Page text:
• Government sets aside Sh1.75 billion in the 2023/2024 budget to develop a leather industrial park industry in Kenanie.
• This will curb damage to the hide which is crucial in leather production.
President William Ruto has urged livestock keepers not to brand animals hide but instead, brand them on the ears.
This will curb damage to the hide which is crucial in leather production.
A cattle brand is a design that is seared into the hide of an animal, such as cattle or other livestock, usually around the hip for identification.
Ruto said the government has set aside Sh1.75 billion in the 2023/2024 budget to develop a leather industrial park industry in Kenanie.
“There will be more investment by the government and the private sector to further transform the leather value chain into a globally competitive finished leather and leather goods manufacturing industry. This will help reduce importation of leather goods, especially footwear,” he said.
While opening the show, Ruto also took part in the livestock auction where he bought two bulls at Sh300,000 and Sh400,000 which he donated to State House Girls and Nairobi School.
The winning champion bull was sold at Sh800,000 by Al Faraz Meat Experts.
Ruto said this year’s edition of the Agricultural Society of Kenya’s Nairobi International Trade Fair is special because it demonstrates the power of agriculture as the engine of Kenya’s economy and its potential to propel even greater rates of growth and development.
“Utilising our full agricultural potential can mitigate our dependence on food imports, protecting our foreign exchange and insulating us from vulnerability to international price shocks. At the same time, we remain most globally competitive in agriculture, both in traditional crops like tea, coffee, cut flowers and vegetables, as well as emerging export crops such as macadamia and avocado,” he said.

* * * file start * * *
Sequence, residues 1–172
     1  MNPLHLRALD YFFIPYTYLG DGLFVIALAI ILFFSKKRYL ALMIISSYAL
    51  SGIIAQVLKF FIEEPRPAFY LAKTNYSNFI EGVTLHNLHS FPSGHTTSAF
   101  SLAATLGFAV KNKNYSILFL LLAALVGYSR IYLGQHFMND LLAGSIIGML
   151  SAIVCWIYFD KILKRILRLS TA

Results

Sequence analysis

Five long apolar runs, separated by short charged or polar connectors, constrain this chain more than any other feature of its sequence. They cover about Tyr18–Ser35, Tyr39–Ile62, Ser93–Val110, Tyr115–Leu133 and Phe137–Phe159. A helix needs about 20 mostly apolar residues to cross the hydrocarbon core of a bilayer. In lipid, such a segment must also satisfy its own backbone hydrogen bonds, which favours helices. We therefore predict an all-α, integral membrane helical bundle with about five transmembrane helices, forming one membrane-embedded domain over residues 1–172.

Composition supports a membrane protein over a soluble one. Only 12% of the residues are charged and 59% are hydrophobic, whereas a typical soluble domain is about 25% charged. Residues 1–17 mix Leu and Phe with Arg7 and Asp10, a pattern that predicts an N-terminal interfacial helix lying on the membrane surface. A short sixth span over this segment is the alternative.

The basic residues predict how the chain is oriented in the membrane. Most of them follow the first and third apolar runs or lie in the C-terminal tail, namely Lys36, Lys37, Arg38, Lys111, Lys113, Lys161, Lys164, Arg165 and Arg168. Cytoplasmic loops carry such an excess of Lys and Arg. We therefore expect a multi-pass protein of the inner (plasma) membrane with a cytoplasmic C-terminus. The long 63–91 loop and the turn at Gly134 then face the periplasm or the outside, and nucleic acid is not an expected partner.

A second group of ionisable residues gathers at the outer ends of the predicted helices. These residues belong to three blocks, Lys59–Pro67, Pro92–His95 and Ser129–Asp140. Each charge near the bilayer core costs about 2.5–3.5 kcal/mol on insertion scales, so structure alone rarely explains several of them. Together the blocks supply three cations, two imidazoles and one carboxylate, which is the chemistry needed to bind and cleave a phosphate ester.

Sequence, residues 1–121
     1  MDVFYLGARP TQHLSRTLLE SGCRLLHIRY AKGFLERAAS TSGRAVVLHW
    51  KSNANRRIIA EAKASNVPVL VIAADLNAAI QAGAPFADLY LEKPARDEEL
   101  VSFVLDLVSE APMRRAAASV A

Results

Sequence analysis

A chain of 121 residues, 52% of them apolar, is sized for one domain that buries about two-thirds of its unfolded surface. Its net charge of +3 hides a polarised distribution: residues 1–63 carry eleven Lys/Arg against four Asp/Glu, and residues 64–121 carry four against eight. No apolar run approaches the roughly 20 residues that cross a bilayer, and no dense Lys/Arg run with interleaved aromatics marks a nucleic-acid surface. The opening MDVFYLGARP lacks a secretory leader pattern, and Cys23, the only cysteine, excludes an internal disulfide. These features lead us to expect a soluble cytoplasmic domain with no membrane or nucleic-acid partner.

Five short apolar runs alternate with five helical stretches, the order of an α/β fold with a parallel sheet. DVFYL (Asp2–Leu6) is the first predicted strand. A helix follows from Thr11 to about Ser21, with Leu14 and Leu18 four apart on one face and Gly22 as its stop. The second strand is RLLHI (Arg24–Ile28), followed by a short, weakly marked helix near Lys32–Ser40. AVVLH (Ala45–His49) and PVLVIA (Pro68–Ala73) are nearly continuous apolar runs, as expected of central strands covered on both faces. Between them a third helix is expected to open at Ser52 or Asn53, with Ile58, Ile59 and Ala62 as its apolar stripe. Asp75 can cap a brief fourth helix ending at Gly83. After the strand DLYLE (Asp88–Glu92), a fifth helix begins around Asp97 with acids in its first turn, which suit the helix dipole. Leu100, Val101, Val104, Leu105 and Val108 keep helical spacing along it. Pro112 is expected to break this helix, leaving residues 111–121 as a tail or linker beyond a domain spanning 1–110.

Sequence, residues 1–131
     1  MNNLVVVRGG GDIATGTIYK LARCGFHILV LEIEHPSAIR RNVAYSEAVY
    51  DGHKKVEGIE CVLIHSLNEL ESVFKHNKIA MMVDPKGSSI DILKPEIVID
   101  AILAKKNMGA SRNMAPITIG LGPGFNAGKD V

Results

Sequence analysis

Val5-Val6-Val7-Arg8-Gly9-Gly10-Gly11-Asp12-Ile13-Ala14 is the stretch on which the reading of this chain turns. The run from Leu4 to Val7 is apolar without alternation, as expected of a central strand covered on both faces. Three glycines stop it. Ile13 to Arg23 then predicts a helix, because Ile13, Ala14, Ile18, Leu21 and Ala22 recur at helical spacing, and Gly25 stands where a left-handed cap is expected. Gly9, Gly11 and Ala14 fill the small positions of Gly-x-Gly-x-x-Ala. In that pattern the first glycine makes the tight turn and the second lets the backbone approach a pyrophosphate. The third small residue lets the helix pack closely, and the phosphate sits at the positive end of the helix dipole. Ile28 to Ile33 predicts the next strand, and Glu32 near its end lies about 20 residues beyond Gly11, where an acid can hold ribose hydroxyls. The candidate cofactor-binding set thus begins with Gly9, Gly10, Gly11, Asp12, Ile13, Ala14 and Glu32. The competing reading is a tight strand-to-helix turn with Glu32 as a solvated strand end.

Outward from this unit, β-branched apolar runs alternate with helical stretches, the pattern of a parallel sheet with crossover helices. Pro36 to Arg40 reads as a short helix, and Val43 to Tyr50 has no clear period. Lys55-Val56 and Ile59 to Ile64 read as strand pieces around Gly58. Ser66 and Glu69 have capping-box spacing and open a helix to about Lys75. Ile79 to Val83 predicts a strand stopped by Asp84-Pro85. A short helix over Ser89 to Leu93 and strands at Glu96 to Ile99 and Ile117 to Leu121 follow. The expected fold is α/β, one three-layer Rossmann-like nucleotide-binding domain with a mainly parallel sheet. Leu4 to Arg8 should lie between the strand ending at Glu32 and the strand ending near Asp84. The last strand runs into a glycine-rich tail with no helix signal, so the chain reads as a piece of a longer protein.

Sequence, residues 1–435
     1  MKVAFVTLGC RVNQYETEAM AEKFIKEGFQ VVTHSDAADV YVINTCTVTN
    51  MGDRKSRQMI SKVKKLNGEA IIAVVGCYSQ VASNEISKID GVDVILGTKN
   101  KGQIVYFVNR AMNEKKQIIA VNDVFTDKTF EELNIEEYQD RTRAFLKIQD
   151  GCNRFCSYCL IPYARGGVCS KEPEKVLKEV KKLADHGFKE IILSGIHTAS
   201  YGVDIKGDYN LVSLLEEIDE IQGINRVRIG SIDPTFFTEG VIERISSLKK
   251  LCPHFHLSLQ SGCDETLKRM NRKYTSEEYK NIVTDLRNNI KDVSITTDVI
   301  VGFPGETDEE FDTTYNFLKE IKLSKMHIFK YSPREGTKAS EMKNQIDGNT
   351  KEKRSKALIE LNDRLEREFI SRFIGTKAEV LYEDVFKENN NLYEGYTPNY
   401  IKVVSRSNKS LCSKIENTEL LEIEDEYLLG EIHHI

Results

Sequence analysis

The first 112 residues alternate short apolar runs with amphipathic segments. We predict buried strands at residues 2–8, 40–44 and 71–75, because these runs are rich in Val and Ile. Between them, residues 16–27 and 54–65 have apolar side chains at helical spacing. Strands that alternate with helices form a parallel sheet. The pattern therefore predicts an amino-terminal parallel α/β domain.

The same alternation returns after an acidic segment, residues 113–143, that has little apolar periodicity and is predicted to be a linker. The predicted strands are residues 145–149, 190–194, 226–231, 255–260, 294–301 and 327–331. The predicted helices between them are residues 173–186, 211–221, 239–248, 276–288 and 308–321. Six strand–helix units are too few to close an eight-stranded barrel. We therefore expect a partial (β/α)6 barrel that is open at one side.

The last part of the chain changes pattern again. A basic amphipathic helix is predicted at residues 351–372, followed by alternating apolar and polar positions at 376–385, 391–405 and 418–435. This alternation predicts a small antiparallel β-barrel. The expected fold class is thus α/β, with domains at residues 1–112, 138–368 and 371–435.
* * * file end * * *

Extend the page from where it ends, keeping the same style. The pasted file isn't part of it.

“This means that transforming agricultural productivity will turn around our balance of trade through increased exports,” Ruto added.
He said the government is aimed at transforming two million farmers from food deficit to surplus producers.
In addition to reducing dependence on basic food imports like domestic oil crops, wheat and rice by 30 per cent through the provision of financing for inputs, accompanied by intensive agricultural extension support.
“To turn agricultural production around to an accelerated growth trajectory, we have also made adequate provision to raise productivity in key food and other value chains. This includes edible oils, rice, cotton, dairy, beef and leather, to boost the tea sector and revamp underperforming and collapsed export crop value chains, including coffee, cashew, pyrethrum, avocado and macadamia,” said Ruto.
In line with this, the government is planning to invest in the cultivation of palm oil, sunflower, canola and soya beans.
This will go a long way in increasing the annual domestic production of edible oils from 80,000 MT currently to 240,000 MT over the next five years. This will reduce dependency on imports and save the economy Sh100 billion annually.
Similarly, the government will expand rice production schemes in Ahero and Mwea, as well as establish new ones in Tana River Kuya in Migori to make the country self-sufficient and save Sh34 billion in imports.
As a short-term measure to mitigate the high cost of food, Ruto said the government has waived duty on imported maize, rice, sugar and raw materials for manufacturing livestock feeds.
The National Food Reserve is also being enhanced and diversified to cushion the country against food shortages and ensure the availability of food during emergencies.
“In all our interventions in supporting production, we have embraced the bottom-up transformation of the foundational sector, agriculture, in order to ignite the engine of national development. In doing so, we have intervened to bring all the variables within our reach, affecting the cost of living under control, through strategic investment in critical value chains,” he said.